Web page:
USA Today's front page today trumpeted an article asking if college is really worth it during a recession. The poster child for the article was a young lady who had borrowed $80,000 to get a double major in journalism and anthropology. Then she went to work as an information technology recruiter. Huh? When she lost her job in the recession she was quoted as saying "…I have yet to see the complete value of my education." Do you think she might have missed the point of that education?
Parents, you've got to give your kids some guidance here if they can't find the common sense to make the right choices on their own. If your child wants to get a degree in anthropology, satisfy yourself that they really want to work in an anthropoligy-related field. If the reason for their choices is to have enough time to work the fraternity/sorority circuit, it's time to exercise your greater wisdom if not your parental authority. Encourage your kids to choose majors that make economic sense if they're going to have to earn a living when they get out. If anthropology really sounds appealing to them but the demand for anthropologists is dicey, suggest they take elective courses in that field but pick a major that will support them in building a career.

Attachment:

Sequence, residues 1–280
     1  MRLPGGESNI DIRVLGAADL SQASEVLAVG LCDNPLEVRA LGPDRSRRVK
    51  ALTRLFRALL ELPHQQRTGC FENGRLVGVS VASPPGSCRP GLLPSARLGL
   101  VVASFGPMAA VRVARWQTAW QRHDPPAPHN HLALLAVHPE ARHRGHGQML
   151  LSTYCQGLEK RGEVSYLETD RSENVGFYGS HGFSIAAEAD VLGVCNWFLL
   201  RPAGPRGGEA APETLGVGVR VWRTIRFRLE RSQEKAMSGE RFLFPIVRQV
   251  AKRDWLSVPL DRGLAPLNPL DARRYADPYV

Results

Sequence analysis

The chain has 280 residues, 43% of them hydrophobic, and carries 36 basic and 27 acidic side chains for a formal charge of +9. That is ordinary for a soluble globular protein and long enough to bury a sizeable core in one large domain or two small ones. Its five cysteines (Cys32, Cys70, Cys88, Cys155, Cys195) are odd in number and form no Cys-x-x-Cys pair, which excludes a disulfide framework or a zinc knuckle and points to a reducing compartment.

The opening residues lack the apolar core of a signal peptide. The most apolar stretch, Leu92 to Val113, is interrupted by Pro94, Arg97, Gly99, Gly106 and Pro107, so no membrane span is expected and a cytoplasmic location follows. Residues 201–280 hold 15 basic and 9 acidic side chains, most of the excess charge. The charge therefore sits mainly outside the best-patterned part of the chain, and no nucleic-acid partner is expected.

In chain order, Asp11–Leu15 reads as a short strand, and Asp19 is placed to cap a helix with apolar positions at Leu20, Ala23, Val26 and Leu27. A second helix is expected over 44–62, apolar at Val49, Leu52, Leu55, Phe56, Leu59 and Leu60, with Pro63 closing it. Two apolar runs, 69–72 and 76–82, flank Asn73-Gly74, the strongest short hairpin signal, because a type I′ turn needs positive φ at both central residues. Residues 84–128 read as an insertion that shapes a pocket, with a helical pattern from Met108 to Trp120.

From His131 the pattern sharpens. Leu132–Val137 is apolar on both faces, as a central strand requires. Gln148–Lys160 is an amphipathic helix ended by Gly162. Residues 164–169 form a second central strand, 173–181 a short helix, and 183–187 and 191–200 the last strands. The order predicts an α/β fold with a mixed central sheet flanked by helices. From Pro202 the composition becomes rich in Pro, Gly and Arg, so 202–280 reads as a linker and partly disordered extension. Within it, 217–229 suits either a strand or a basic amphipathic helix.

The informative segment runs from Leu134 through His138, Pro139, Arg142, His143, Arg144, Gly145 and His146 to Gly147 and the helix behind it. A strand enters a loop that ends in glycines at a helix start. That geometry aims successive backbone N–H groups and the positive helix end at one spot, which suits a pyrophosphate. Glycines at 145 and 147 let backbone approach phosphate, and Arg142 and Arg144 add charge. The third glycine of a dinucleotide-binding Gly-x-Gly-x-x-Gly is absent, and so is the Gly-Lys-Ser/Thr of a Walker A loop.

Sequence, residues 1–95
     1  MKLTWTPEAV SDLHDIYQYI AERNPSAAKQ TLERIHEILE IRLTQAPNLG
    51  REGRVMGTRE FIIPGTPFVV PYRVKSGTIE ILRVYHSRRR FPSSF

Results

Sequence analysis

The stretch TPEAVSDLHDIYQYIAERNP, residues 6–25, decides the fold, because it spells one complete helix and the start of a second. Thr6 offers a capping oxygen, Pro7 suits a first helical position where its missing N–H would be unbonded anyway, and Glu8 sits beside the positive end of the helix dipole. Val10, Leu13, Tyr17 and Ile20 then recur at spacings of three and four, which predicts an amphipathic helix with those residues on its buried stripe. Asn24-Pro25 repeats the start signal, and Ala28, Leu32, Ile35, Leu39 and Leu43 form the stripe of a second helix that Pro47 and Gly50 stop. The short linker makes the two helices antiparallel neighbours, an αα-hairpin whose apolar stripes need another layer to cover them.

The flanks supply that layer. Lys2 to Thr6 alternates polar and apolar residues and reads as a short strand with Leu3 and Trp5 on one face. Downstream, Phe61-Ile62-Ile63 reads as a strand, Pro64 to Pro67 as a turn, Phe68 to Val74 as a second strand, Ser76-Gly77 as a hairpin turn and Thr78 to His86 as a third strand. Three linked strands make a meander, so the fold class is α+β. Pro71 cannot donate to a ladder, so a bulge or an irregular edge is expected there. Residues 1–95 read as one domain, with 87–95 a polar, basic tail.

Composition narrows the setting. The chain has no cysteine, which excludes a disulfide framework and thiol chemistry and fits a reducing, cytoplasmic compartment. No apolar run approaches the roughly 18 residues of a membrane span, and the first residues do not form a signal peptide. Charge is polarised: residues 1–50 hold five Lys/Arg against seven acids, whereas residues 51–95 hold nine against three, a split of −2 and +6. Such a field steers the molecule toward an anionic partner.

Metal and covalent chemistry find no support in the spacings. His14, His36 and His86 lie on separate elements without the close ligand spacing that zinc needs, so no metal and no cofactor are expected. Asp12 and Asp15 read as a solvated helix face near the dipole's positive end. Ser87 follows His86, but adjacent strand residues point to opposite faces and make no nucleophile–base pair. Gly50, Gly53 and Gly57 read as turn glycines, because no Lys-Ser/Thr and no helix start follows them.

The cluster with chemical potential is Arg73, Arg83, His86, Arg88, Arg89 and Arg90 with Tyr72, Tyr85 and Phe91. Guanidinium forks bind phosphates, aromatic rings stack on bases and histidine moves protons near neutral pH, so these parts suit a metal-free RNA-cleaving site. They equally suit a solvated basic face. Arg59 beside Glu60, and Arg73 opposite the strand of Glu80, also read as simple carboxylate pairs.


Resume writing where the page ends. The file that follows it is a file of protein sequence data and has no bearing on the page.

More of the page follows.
These are the kinds of decisions that you have to help your kids make. If they didn't get the insight from watching you guide the family over the past 15 years or so, here's a second chance. Don't let your kids mortgage their future on whimsical choices. If the economy has taught us nothing else, it has shown us that financial choices have consequences, and bad financial choices have bad consequences. Don't let that happen to your child.
As always I welcome your comments.